McAllister said he voted "no" on legislation related to the Bureau of Land Management though he did not identify the bill. McAllister said a colleague on the House floor told him that he would receive a $1,200 contribution from Heritage Foundation if he voted against the bill. He would not name his colleague since he “did not want to put their business out on the street.”The Heritage Foundation responds that it doesn't (and can't, legally) make direct contributions to politicians, which leaves a few possibilities. McAllister could be lying—McAllister claims he didn't get the contribution because Heritage and Louisiana Gov. Bobby Jindal were "upset with me" over his little kissing scandal, so making Heritage look bad could be a priority for him—or the colleague in the story could be lying. Or reality could be a touch more complicated, and McAllister could be telling a factually inaccurate and nuance-impaired story that boils down a system in which big donors and powerful foundations get votes because they have access ... which they have because of money, but feels less crass to most of those involved than admitting it's all about money.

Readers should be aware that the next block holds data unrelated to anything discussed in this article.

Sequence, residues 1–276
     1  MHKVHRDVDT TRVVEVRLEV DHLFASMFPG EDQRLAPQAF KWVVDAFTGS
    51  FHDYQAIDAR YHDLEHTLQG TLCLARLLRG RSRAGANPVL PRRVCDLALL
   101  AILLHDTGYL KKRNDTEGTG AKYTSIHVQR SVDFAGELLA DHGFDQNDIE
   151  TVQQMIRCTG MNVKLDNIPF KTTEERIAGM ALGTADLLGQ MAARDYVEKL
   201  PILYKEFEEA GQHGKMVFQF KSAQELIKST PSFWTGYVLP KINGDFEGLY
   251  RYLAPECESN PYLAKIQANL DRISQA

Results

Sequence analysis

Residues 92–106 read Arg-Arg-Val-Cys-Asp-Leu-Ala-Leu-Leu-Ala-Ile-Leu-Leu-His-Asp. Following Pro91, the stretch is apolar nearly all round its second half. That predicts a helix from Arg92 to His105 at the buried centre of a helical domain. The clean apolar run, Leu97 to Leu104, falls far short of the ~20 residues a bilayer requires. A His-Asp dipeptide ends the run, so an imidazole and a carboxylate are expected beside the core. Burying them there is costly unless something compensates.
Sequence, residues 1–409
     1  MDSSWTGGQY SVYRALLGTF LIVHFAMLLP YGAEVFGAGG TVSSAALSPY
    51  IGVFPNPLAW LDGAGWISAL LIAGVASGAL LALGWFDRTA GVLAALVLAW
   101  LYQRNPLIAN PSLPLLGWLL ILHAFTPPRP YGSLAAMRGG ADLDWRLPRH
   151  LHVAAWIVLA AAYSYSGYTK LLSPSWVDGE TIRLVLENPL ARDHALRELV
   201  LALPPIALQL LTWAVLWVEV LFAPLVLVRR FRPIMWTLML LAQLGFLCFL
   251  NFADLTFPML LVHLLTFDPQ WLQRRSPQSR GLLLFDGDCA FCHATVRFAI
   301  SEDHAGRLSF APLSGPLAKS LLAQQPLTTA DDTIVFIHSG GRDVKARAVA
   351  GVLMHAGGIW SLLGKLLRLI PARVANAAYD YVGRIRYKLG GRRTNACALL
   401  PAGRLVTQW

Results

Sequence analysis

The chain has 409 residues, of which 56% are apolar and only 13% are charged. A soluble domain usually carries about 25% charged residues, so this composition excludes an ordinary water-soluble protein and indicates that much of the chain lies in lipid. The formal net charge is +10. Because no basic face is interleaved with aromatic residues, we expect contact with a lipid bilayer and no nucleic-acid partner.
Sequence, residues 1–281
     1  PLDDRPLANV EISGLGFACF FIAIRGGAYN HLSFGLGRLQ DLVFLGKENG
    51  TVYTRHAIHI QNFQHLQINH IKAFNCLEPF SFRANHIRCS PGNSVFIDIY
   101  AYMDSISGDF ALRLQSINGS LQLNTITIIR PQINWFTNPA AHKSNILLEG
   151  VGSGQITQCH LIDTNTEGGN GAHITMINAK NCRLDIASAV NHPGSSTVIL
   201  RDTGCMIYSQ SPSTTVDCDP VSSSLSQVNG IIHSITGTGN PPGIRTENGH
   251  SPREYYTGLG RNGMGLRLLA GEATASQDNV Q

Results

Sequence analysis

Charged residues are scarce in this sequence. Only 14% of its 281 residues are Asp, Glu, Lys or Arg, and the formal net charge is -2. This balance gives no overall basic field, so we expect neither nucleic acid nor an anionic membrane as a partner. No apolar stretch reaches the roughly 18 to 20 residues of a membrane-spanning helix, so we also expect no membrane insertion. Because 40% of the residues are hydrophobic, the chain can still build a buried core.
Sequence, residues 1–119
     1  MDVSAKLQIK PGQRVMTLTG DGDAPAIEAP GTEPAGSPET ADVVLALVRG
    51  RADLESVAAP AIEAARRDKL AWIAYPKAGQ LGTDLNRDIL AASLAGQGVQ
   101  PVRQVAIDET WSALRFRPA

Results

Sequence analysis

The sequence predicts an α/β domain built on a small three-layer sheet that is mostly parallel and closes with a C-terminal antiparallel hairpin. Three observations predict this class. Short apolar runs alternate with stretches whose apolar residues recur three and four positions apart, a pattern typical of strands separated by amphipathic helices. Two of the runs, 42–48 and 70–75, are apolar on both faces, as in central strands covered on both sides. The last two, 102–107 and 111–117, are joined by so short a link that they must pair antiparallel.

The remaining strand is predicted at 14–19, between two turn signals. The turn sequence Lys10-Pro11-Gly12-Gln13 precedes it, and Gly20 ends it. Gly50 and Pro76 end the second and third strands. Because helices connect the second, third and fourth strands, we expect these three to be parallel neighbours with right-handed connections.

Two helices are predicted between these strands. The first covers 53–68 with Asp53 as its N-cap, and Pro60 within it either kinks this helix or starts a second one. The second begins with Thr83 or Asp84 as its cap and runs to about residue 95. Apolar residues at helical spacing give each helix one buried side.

“I played dumb and asked him, ‘How would you vote?’” McAllister said. “He told me, ‘Vote no and you will get a $1,200 check from the Heritage Foundation. If you vote yes, you will get a $1,000 check from some environmental impact group.’” [...]
“I voted no, and I didn’t get a Heritage Foundation check but he did,” McAllister said. “I went back and checked with my friend, ‘I didn’t get a check, man. What were you talking about?’ He told me, ‘Well, I got one. Why didn’t you?’”
In any case, here's hoping McAllister is going to fill the remainder of his term by trying to make other Republicans look bad.